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The train disaster in Spain comes two decades after it completed its first high-speed railway linking Madrid in the centre with Seville in the south, in 1992. It would take 20 years to provide such service in other areas of Europe’s second most mountainous country.
Its network, although its development is still in progress, today carries some 23 million passengers per year along more than 3,000 kilometres of track at speeds averaging 222 kilometres per hour. The only country with a more extensive network is China.
In spite of the economic crisis, Spain this year has inaugurated two new lines. In January, one joined Barcelona with Figueres, at the French border, making international high-speed train travel possible with its neighbour – all the way to Paris.
Six months later, the Madrid-Alicante line was inaugurated, linking the national capital with the lower eastern coast, at the Mediterranean. From 2005 to 2013, Spain’s fast-rail kilometre total was multiplied by five. In that time, connected cities went from seven to 31.
The high-speed network has not yet tied the north-western region with Madrid, but the service has operated between Ourense, Santiago and La Coruña since 2011.
The accident in Galicia happened three kilometres from Santiago de Compostela Cathedral.
The place is called Angrois. It was at a bend in the route, where the speed limit is 80 kilometres per hour. Trains normally pass that spot three minutes before arriving in Santiago de Compostela station.
The Alvia S730 train, without an automatic breaking system, was travelling at190 kilometres per hour.
Euronews interviewed Ricard Riol, a Spanish civil engineer and chairman of the Association for the Promotion of Public Transport.
Beatriz Beiras. euronews: “It is still too early to draw conclusions on the causes of the accident but some of the circumstances are becoming more clear. The wrecked train was high-performance, but not a high-speed AVE (‘Alta Velocidad Española’ – Spanish High Speed) train. How is that different from a high speed train?”
Ricard Riol, civil engineer: “Basically it has a maximum speed less than an AVE high-speed train, up to 250 kilometres an hour and it can run on high-speed lines and on conventional tracks.”
euronews: “How could the train go into that particular section of track, so close to the station at Compostela, at 190 kilometres an hour?”
Ricard Riol: “Generally that’s not possible on a high-speed line, such as Madrid-Barcelona or Madrid-Seville. But on that line it happens that trains entering Santiago de Compostela are not monitored permanently by the signalling system, they are only occasionally checked.”
euronews: “Is the system automatic?”
Ricard Riol: “It is an automatic system which only checks the train when it passes a detector on the track, whereas on a high speed line the system is controlled continuously from a central position via radio, so that the train is never going faster than the authorised speed.”
euronews: “With that monitoring system, what happens when the train goes faster than it should do?”
Ricard Riol: “In a continuous monitoring system, as is the case with the ERTMS (the European Rail Traffic Management System), as soon as a train goes even slightly faster than the maximum authorised speed, it’s halted automatically. That’s what happens on all high speed lines. This system which also operates on this same line – between Ourense and Santiago – stops three or four kilometres before Santiago station, and is replaced by a system used on conventional lines. And that high-speed system wasn’t in place where the accident occurred.”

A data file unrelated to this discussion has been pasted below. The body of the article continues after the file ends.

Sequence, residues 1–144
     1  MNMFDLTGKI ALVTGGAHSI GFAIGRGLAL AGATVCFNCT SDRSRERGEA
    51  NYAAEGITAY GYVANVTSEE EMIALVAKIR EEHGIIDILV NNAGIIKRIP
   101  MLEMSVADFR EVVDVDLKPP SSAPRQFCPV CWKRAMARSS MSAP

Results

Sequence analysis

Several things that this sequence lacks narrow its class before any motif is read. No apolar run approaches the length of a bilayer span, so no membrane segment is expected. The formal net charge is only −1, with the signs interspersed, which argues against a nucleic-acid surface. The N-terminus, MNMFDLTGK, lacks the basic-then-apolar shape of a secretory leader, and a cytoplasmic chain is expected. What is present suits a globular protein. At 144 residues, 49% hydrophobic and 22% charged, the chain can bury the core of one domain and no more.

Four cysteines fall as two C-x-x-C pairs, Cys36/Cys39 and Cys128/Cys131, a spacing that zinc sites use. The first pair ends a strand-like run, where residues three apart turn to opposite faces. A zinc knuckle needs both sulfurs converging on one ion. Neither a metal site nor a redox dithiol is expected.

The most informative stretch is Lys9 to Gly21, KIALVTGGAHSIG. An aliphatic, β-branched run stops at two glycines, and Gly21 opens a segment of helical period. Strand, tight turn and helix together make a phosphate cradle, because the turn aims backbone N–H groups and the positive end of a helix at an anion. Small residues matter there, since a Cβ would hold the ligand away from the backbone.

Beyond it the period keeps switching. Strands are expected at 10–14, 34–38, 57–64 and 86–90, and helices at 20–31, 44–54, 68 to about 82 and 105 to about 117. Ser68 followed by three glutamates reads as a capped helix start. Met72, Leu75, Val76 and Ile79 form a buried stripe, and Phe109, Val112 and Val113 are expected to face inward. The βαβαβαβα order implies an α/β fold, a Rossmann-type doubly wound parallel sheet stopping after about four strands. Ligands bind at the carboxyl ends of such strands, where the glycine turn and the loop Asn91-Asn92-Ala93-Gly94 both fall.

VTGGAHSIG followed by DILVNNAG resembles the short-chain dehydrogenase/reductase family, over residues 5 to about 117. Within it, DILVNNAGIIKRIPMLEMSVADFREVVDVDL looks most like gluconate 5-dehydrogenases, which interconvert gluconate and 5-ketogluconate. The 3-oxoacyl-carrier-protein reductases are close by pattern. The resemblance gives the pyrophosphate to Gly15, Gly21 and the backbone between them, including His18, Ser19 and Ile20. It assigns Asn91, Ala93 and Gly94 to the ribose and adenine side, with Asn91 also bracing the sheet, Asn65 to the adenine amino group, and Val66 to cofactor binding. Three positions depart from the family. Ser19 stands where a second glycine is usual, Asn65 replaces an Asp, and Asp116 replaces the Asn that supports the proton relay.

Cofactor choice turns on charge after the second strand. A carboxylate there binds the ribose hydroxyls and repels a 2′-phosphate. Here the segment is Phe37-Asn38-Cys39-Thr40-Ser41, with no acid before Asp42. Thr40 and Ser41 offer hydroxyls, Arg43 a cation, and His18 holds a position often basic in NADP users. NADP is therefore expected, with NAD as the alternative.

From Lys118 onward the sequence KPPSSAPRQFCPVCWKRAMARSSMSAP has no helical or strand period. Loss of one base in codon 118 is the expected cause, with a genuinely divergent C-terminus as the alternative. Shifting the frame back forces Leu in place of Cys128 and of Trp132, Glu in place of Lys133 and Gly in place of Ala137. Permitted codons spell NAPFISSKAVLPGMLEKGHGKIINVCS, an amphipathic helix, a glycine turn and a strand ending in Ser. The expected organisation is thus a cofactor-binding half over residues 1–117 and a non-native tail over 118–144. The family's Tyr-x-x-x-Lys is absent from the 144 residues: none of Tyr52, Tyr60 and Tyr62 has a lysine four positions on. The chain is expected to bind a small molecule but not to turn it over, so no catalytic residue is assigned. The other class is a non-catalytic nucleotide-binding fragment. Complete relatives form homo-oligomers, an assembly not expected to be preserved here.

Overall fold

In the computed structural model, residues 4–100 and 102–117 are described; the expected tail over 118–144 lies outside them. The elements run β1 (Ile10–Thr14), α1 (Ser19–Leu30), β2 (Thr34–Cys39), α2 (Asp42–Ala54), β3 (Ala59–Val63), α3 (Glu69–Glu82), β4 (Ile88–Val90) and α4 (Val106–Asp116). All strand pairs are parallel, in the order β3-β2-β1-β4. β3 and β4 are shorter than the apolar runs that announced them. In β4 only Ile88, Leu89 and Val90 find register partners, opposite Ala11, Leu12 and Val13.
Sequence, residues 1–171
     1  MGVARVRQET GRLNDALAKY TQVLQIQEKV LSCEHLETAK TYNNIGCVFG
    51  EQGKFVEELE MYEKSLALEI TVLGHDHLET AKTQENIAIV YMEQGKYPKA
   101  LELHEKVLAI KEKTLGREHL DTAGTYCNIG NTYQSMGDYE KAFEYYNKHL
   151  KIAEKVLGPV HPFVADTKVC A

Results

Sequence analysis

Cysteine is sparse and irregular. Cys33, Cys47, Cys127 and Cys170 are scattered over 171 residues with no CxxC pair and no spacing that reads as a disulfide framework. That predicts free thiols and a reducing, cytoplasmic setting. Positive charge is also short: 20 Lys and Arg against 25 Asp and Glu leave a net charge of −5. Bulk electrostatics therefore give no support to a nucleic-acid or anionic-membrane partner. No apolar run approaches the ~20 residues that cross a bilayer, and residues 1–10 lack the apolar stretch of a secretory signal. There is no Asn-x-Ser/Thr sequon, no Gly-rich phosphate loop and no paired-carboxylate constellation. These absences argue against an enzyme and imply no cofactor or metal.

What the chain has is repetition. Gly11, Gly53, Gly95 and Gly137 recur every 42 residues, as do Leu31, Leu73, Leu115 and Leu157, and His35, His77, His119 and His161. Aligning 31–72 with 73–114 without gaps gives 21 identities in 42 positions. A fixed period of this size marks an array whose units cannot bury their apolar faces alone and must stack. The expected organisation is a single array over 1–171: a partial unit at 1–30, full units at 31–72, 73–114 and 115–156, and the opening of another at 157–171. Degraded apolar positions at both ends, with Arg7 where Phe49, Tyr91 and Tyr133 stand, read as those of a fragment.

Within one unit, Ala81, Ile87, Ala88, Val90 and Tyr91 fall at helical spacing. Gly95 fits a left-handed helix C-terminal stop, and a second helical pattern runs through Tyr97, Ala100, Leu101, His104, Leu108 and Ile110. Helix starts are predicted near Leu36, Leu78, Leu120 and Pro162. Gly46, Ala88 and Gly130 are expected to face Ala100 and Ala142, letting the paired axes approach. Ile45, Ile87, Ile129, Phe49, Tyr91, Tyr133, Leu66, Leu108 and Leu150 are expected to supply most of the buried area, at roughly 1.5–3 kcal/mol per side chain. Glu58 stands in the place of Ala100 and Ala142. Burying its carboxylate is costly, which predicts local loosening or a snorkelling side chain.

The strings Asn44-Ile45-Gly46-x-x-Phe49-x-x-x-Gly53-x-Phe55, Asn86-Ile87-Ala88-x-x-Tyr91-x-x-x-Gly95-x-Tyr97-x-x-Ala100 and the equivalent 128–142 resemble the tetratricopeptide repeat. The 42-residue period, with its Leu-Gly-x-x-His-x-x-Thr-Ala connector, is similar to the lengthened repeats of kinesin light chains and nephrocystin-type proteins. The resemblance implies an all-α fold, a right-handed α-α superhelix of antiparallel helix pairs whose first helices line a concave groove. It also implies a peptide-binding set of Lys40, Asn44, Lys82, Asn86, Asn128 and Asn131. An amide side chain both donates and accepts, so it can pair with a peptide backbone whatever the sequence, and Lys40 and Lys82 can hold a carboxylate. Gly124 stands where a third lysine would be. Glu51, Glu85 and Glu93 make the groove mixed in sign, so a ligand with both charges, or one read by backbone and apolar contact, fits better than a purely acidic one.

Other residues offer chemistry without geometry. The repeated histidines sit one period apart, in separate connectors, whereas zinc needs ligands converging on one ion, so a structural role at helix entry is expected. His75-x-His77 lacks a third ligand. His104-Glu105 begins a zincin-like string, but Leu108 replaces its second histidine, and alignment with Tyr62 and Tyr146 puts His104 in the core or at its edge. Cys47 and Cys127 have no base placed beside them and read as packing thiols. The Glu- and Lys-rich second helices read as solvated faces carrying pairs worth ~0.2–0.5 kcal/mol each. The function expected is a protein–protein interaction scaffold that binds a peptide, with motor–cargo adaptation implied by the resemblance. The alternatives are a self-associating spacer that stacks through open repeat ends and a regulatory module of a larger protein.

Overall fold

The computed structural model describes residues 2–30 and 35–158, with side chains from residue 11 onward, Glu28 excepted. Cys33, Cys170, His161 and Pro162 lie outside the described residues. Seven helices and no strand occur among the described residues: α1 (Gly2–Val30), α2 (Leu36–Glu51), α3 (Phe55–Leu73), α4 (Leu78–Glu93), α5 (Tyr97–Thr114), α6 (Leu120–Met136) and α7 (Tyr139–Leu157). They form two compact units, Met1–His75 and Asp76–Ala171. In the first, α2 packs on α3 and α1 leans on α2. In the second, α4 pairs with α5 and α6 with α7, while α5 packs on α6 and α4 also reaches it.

euronews: “Do you think the curve where the crash happened could have been a factor in how serious this accident was? Is it normal to have such a curve on a high-speed line?”
Ricard Riol: “The curve exists because the line is approaching a populated area, there are high speed lines with curves like that, precisely to bring trains close to where people want to get on. What is serious is that this curve is not protected by a system of continuous signalling, which monitors the train all the time, but only with occasional monitoring on the track.
“The problem is not the route, but perhaps, the signalling system on the route. In fact, the safety system should be adaptable, flexible for any kind of route. Because as well as straight lines for travelling fast, high speed trains have to link up with the conventional network, to get into towns. And so, it is not about having routes that run in straight lines, but about lines being safe from A to B.”
euronews: “Spanish rail management organisations have opened an investigation. Do you think this will be enough?”
Ricard Riol: “I think there must also be an independent investigation that does not depend on the Ministry of Public Works to be able to compare the results, learn from the mistakes that have caused this disaster, because railway accidents are rarely the result of one error, rather are caused by consecutive errors. So there should be several independent investigations, as with the Paris-Limoges crash to determine responsibilities and improve automatic protection systems.”
euronews: “Spain has the second highest amount of high speed track in the world. Do you think after this accident that rail infrastructure needs redesigning?”
Ricard Riol: “The first thing that a railway should focus on, be it high speed or otherwise, is passenger safety. Therefore all regulations must be examined, above all the signalling, in plans now underway as well as future ones. If we have to stop the construction of new lines until we have new rules, then let’s have them. The most important thing is that the railways remain the safest form of ground transport.”
Ricard Riol, civil engineer and chairman of the Association for the Promotion of Public Transport, was speaking to euronews from Barcelona.